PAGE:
Author Archives: Jack

Always a flight risk

Yes, we’ve been lolly-gagging in this general area of Ireland for what seems like ages. After complaining that we really hadn’t heard much in the way of local music, an old sailing friend swore that a July 12th demonstration, or march as they refer to it, was not to be missed, and to just think of it as a fun show. As it happens, there’s one scheduled not too far away in Ballinamallard. We can wait around for that.

Still, there’s always something to see in Ireland and, as anyone can see, our track at can only be described as drunken wanderings. Always a flight risk, apparently we Escapees really need goals and strict adult supervision. Nevertheless I thought I might have a word with you about what we’ve been up to while waiting for the parade in Ballinamallard, while still trying not to wander too far away.

We’d been waiting for the police to find the missing person who disappeared at Slieve League so the mountain would reopen and we could visit the cliffs, but it was more than a week before they found a body and declared it a homicide and by that time we had moved on.

After a brief stop to exchange an empty LPG tank with UK fittings for a rather pricy full tank we soldiered on and, while it wasn’t raining, we thought we’d get reacquainted with the megalithic world at Drumskinney Stone Circle.

The sheer number of stone circles, cairns, and alignments spread over these many acres begs the question, “Who did this, why did they do this, and what does all this mean?” It’s awfully quiet on the answer side of things.

With the resumption of the classic on again, off again light Irish rain, we took to Escape Velocity to enjoy a circuitous forest drive up to a stunning parkup high above Lough Swilly on the Urris Hills.

The following morning dawned sunny and still, only disturbed by 50 or so Audi enthusiasts, determined to shoehorn their cars into our small car park on top of the mountain. We went for a hike.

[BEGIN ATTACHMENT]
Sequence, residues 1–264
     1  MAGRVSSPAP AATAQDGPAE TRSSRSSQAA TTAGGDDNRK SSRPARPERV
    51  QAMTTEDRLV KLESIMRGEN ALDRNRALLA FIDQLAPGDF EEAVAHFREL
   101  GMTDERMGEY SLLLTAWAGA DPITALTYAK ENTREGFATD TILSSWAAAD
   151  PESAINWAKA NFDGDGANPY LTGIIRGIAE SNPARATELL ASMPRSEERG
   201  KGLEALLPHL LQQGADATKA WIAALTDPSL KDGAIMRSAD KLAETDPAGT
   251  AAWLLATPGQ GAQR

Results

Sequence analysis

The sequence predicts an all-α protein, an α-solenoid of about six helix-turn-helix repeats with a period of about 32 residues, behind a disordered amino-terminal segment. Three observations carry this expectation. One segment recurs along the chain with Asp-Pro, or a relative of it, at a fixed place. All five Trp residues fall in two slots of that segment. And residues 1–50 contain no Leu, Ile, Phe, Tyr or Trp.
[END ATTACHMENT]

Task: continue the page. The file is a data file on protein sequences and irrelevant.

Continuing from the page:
I’ve noticed aggressive speed bumps bolted all over many car parks in Ireland and I’m beginning to understand why. About the time we got back from our hike the Audis took turns leaving with a burn-out and a horn toot, just as mysteriously as they came. Nobody knows who they were or what they were doing there.

We decided on a change in altitude and Marce found a charming riverside parkup on Lower Lough Erne with a small dock, toilets, and — be still my heart — showers, with enough sunshine to get these photos.

Later those beautiful clouds you see contained plenty of rain and hail which chased us off our folding chairs on the dock, and had us sprinting for EV. Apparently our sailing weather prediction skills have atrophied.

We decided to keep things at or near sea level while working our way towards Ballinamallard. Not content with just a beautiful parkup with a river view, Marce found a place that included an unsolved mystery. I was concerned with the narrow access road that wound its way through dense trees and scrub along the shoreline.

Really it was little more than a path. Sure enough, at the end we found a tiny car park with one of the few trash receptacles in all of Ireland, filled to overflowing with beer cans. Not a good sign.

Taking a walk we noticed a small old rough concrete pier with a municipal looking number on a post right in front of it.

Turns out there are several dozen of the narrow 20 foot long piers with a small T at the end of each, equally spaced and numbered, all along the waterfront.

No one knows who they were, why they did this, or what it all means.

If it’s true that every rain drop that falls on you is a teardrop you’ll never have shed, we should be in good nick this morning for our drive to Ballinamallard.

We have to navigate all the way through town to get to our reasonably priced mid town parkup for the weekend. We found ourselves immediately diverted upon entering town but somehow stumbled back onto the road toward the parkup. No harm no foul, but I’ve never seen such a large empty and barren gravel lot that was supposed to be the rendezvous fall-in central party area for all the bands.